- 8:00 p.m. until 10:00 p.m.
SAVE $10! Buy tickets on or before September 21st (World Dementia Day).
Only $35 per person open seating/standing, or a reserved table for 10, $300.
AFTER September 21st or pay-at-the-door (if SPACE available), $40 per person.
Checks or major credit cards are accepted. Space is limited. Please register in advance to allow the event organizers to know and meet their obligations for attendance. Only $20 per person is tax-deductible, the balance is the fair market value of food/entertainment.**
TO BUY TICKETS PLEASE CALL 215-345-4566 or EMAIL– volunteers will assist you.
A portion of the proceeds from this Dementia Society event will also benefit the “Foundation at the Manor.” This event is not affiliated with the County of Bucks.
(2) ENCORE RUN OF MAN OF LA MANCHA LAUNCHES 18th SEASON AT ACTORS’ NET
EVENT: MAN OF LA MANCHA: Man of La Mancha launches the Actors’ NET of Bucks County’s 18th season, with a number of the company’s most popular stars reprising roles from past runs. “The Impossible Dream” musical – book by Dale Wasserman, lyrics by Joe Darion and music by Mitch Leigh – has C. Jameson Bradley of Quakertown returning as playwright Miguel Cervantes, who is called before the Spanish Inquisition. When fellow prisoners threaten to destroy his in-progress manuscript, Don Quixote, he and his manservant convince them of its worth by having them act out the tale of the famed mad knight who tilts at windmills and the follies of mankind. Joe Doyle of Morrisville reprises as the manservant/Quixote’s roly-poly sidekick, Sancho. Vicky Czarnik of Levittown joins the cast as Aldonza. Directed by NET Artistic Director Cheryl Doyle, the show costars Steve Lobis of Morrisville as the Governor/Innkeeper; DeLarme Landes of Doylestown as the Duke/Dr. Carrasco; and Michael Niederer of Pennington, NJ as the Padre. Also featured are Amanda Hecht of Levittown as Antonia, Marie Maginity of Doylestown as the Housekeeper, Marco Newton of Yardley as the Barber, and Maryalice Rubins-Topoleski of Langhorne as Fermia. With (alphabetically) Kelly Allen of Arneytown, NJ; Matthew Cassidy of Morrisville; Barry Clements of Jacobstown, NJ; Thomas Elijah and Isaiah Davis of Levittown; Michael O’Hara of Yardley; Ed Patton of Levittown; Hayley Rubins-Topoleski of Langhorne; John Russell of Mercerville, NJ; Sanjay Sharma of Langhorne; Mark Versprille of Clinton, NJ; John Wishnie of Morrisville and Ivy Lynne Zadnik of Morrisville. Musical direction by Pat Masterson of Mount Airy, NJ. Choreography by Maryalice Rubins-Topoleski; fight choreography by Michael Niederer. Stage managed by Kelly Allen. Set design/construction by Jamie Bradley. Lighting design by Andrena Wishnie of Morrisville. Costume and sound design by Cheryl Doyle.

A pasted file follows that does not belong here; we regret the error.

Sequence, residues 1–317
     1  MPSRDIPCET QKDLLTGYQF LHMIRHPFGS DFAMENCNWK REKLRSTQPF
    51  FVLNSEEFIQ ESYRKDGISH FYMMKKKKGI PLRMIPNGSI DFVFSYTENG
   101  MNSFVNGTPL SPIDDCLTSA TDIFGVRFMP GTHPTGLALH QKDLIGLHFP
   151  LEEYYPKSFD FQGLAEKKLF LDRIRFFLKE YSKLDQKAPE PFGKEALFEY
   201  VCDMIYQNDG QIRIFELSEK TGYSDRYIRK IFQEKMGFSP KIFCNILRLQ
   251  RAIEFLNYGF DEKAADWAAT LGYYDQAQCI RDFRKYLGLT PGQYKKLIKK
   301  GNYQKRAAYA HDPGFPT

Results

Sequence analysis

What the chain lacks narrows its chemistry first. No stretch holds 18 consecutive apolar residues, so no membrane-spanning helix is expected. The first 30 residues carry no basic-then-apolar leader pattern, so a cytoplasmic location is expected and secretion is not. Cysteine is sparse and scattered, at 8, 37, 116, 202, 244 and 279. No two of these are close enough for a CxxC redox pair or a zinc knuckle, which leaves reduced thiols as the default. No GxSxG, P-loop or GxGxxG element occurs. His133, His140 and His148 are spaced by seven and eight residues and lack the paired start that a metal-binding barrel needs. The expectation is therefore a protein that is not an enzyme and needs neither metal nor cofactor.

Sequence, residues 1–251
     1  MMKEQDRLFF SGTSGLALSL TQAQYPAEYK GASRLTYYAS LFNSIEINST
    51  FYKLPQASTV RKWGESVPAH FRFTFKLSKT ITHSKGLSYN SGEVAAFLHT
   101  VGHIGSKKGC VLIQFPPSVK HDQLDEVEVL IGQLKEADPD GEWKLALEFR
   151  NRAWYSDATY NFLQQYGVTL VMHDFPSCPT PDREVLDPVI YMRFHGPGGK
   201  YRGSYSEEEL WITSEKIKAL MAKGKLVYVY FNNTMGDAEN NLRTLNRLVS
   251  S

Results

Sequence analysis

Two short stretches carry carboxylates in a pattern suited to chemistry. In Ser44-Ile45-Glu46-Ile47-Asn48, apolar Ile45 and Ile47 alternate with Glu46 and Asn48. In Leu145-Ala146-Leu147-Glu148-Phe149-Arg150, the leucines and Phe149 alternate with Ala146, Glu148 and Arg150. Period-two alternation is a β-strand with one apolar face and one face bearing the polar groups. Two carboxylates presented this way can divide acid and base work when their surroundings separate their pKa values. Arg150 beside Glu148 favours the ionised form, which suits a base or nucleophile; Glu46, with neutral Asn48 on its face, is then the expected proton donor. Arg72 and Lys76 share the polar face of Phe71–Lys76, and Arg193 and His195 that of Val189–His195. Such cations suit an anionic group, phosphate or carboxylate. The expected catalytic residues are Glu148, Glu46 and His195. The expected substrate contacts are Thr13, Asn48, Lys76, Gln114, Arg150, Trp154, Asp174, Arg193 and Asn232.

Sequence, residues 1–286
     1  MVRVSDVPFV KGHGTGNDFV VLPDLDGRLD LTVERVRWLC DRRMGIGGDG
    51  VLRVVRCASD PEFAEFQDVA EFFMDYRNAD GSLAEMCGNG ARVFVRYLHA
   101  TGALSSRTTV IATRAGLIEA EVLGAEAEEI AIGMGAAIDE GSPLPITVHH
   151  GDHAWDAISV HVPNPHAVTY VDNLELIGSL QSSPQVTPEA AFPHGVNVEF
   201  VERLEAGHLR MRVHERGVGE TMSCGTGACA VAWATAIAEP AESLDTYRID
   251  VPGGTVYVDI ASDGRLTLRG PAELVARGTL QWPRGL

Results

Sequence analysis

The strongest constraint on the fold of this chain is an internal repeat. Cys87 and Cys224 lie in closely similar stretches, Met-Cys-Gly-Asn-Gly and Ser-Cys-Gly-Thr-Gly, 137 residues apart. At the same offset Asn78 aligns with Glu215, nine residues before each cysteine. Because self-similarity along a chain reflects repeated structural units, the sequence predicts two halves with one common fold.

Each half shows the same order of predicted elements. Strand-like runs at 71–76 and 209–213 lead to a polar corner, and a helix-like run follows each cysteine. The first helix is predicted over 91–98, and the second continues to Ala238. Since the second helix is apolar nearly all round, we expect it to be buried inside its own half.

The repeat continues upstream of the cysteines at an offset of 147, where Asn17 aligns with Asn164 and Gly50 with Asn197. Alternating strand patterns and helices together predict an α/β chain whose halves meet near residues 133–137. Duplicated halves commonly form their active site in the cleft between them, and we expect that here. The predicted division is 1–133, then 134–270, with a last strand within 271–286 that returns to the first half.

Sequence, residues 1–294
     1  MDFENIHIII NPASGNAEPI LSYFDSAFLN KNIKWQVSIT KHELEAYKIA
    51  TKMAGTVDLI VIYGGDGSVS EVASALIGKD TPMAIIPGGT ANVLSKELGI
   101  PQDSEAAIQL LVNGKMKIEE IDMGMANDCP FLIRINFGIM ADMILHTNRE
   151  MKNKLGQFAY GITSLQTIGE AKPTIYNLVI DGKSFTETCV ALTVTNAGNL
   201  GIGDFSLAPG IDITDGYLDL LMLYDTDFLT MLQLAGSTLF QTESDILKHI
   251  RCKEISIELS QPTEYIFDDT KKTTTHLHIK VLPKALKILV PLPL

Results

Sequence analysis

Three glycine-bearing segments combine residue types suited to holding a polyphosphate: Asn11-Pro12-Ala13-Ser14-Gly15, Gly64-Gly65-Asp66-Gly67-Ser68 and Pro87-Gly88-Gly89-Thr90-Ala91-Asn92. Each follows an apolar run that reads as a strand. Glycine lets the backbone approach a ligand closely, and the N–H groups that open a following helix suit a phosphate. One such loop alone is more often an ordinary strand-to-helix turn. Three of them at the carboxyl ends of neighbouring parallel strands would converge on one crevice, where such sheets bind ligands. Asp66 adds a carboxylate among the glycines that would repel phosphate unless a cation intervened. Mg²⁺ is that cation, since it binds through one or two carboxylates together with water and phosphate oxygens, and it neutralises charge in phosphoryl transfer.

DATES: Sept. 20 – Oct. 6, 2013. (Twelve performances over three weekends only)
TIMES: Friday and Saturday at 8 p.m., Sunday at 2 p.m. Also Thursday Sept.26 and Oct. 3 at 8 p.m. and Saturday Oct. 5 at 2 p.m.
PLACE: The Heritage Center Theatre, 635 North Delmorr Avenue (Route 32), Morrisville, PA – near the Calhoun Street Bridge.
ADMISSION: $20 for adults, $17 for seniors (62+), $15 for WHYY card members and $10 for children age 12 and under. Prepaid roup rates available for ten or more.
ON THE INTERNET: The company’s website is www.actorsnetbucks.org. Social networking includes Facebook page — “ActorsNET, AKA Actors’ NET of Bucks County” — and Twitter name @actorsnet.
(3) Special comedy shows coming – The ‘Amish Comic’, Big Daddy Graham Show & Jim Norton.
New mobile site is up. Please see for yourself. http://comedycabaret.com/cms/index.php
Thanks for laughing with us and we will see you laughing at the show!